Not since THE BOOK THIEF has the character of Death played such an original and affecting part in a book for young people. Flora and Henry were born a few blocks from each other, innocent of the forces that might keep a white boy and an African American girl apart; years later they meet again and their mutual love of music sparks an even more powerful connection. But what Flora and Henry don't know is that they are pawns in a game played by the eternal adversaries Love and Death, here brilliantly reimagined as two extremely sympathetic and fascinating characters. Can their hearts and their wills overcome not only their earthly circumstances, but forces that have battled throughout history? In the rainy Seattle of the 1920's, romance blooms among the jazz clubs, the mansions of the wealthy, and the shanty towns of the poor. But what is more powerful: love? Or death?
The Game of Love and DeathFeatured
I don't put much thought into the Printz award or other major awards for YA novels because the award-winners typically don't appeal to me, but The Game of Love and Death is the first novel to make me think, "Wow, this is some serious Printz-worthy material." Brockenbrough weaves philosophical themes of what love and death are as well as what they mean to humanity throughout the novel and emphasizes those themes with writing that is openly gorgeous at some points and subtly beautiful at others, such as when she writes, "No one likes to be laughed at, Death least of all (ARC, 81)."
As the rise of #WeNeedDiverseBooks has shown, readers want more books that show the wide range of people in the world around us, not just the same identities time after time. The Game of Love and Death is bursting to the brim with diversity thanks to plenty of black characters and some QUILTBAG (queer/questioning, undecided, intersex, lesbian, transgender, bisexual, asexual, gay) characters making their way through life in the 20s before everything came crashing down. The setting is lush and female lead Flora is particularly well-written as Death's choice of player and a young woman who seems surprisingly untouched by the difficulties life brings her.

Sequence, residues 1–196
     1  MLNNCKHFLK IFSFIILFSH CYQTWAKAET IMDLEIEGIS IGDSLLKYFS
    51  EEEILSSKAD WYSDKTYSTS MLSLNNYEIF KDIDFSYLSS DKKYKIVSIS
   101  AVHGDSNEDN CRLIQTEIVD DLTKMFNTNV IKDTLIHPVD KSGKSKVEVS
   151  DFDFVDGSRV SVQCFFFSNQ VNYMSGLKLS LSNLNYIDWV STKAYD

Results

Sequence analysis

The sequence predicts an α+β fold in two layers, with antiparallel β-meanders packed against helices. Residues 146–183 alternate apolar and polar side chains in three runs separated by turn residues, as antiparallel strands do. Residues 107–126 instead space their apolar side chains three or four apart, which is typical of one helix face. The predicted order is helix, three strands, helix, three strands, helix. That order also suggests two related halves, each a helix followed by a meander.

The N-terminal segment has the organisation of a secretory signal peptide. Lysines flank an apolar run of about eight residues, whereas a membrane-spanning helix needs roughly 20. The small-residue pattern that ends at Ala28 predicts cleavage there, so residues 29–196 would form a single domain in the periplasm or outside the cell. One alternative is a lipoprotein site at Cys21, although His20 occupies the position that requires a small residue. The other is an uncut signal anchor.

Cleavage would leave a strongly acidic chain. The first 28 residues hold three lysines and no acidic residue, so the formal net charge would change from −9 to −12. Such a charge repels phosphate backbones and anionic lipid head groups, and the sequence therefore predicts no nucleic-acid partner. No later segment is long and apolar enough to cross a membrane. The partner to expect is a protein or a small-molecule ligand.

What Left Me Wanting More:
Though the presence of those QUILTBAG and POC characters is appreciated, the way they move and act in the story is problematic at times in ways that would take a while to list and give proper context to. The novel has many subplots for readers who want to get as much as possible from the book, but there are so many that few of them get the kind of development they need to be what they'd like to be. Unfortunately, that includes the relationship between Henry and Flora that Love and Death ordained when they chose the two as the players in their eternal game. Their love doesn't feel natural most of the time, but some of their moments together are admittedly sweet.
Readers who hunger for diverse historical novels, magical realism, and gorgeous writing will devour The Game of Love and Death in a day or two. Its missteps in the details may shake some readers, but the overarching ideas and the questions it asks will attract many more.
The romance was too dry, I didn't care for the main characters, I didn't root for them. As I always say when writing a romance the task of the author is not to show me the love but to make me feel it. If you introduce two characters who were meant to be and that love each others no matter what having only just met I just won't bother to symphatize with them because you didn't give me the means to do it.
Plus I was expecting a quirky read, I thought this was going to be a Neil Gaiman-esque story but I was fooled. Love and Death reminded me of Crowley and Aziraphale from Good Omens at first but then I realized they were plain and two-dimensional. They're too human and are not moved by any motivation at all. The author could have explained the Game better, could have narrated previous ones and not just throwing names of famous lovers every now and then just to spare herself some more work.
I found the story way too long but basically, plot-wise, nothing interesting and believable happened.